It seems Jean-Claude Juncker is out for revenge, but hey! – Greece, cradle of democracy, applauds our self-inflicted suicidal action.  (Much as I love the Greeks, the encomia are being bestowed for the wrong things.)  On the eve of polling day, Prof. Mary Beard wrote in her TLS blog that “there is a sense that the decision is reversible next time, and that – important as some ideological and policy differences are between right and left – an awful lot will go on exactly as before. You can go to bed ... and think of living to fight another day.”
  We can’t.  Because there won’t be another day.
  Juncker’s determined to make Britain invoke Article 50 as soon as possible – probably because he wants to prevent this infectious disease spreading. There are a number of dissatisfied countries in Europe who want to change their goal posts.

But who on earth believes that little Britain can be permitted to discuss the result, and then have another referendum?  For starters, Juncker et al will never allow that, and besides the ‘out’ side are not rational enough for any adult, intellectual or even practical discussions.  They’ll merely hang onto their flags and slogans and put their trust in Boris.  That’s a bit like asking a wolf to guard sheep.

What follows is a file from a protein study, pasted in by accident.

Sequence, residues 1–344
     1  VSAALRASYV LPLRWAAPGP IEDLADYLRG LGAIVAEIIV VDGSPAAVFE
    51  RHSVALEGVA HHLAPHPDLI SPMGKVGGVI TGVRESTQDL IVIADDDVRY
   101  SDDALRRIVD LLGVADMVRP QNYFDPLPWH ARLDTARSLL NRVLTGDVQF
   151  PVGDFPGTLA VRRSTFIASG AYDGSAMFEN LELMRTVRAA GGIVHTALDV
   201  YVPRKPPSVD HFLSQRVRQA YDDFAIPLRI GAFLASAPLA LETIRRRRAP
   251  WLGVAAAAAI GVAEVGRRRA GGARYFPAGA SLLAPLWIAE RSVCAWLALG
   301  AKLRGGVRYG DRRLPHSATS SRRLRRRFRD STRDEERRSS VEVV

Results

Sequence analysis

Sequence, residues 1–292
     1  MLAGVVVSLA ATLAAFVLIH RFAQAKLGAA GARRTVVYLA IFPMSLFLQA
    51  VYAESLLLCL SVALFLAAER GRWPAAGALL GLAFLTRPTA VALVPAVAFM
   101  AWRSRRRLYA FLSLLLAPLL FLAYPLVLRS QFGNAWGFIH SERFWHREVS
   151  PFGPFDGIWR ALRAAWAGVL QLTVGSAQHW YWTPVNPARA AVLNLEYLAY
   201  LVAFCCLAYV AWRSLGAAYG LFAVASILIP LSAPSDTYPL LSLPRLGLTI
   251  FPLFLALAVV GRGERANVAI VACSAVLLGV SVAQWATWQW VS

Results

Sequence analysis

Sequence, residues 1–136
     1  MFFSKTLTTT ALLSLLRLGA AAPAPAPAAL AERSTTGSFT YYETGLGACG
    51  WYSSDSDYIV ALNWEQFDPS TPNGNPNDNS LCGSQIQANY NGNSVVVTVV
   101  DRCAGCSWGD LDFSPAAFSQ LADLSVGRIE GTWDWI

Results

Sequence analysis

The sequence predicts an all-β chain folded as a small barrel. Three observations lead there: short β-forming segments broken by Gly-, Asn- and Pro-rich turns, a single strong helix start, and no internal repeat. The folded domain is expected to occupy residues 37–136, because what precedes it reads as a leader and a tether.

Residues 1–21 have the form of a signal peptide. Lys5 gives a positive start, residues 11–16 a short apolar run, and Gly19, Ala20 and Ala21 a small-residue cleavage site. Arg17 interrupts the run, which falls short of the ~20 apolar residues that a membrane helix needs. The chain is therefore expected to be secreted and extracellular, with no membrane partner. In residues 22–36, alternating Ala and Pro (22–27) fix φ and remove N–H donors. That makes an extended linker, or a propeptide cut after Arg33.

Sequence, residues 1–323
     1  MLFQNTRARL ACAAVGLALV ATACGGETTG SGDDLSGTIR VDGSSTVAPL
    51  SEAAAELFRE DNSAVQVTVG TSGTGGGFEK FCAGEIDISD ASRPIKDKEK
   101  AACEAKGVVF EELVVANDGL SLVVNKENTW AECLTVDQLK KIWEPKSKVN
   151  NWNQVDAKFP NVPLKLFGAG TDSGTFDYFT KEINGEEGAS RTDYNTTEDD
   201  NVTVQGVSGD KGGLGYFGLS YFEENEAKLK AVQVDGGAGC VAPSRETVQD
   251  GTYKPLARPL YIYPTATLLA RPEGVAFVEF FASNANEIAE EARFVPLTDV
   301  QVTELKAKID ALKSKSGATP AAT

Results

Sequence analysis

Meanwhile, Moody’s credit ratings agency has downgraded GovUK’s bond rating, from
‘stable’ down to ‘negative,’ ditto Standard & Poor’s, and Fitch.  Though I couldn’t check for sure, as S&P’s website’s undergoing ‘maintenance,’ Friday 8pm through Sunday at 5pm, New York time.  However, losing our triple A rating will make a difference to what GovUK pays for what we borrow – and we have borrowed a helluva lot. 

So, head down and forge onwards, I guess, despite our peace being disturbed yet again.  Yellow JCB diggers moved into the overgrown wild garden over the road.  They demolished the wall, made all the birds in the hedges and shrubberies desert their nests and offspring, and carved out tons of good fertile black earth, a gift from decades of leaf mould. The plot was flattened, turf laid and a large fence put up.  Why we do not know – but do suspect.  On the other hand, at least it’s not a house – yet.  To lose our clear view of the hill of a morning would be a great loss.
  Yup, it is time to go. This neighbourhood’s becoming untenable.  It’ll cost, but you can’t put a price on quality of life – and for me this means good quality, not a locale that’s overrun with undesirable but profitable in-filling of gardens, etc.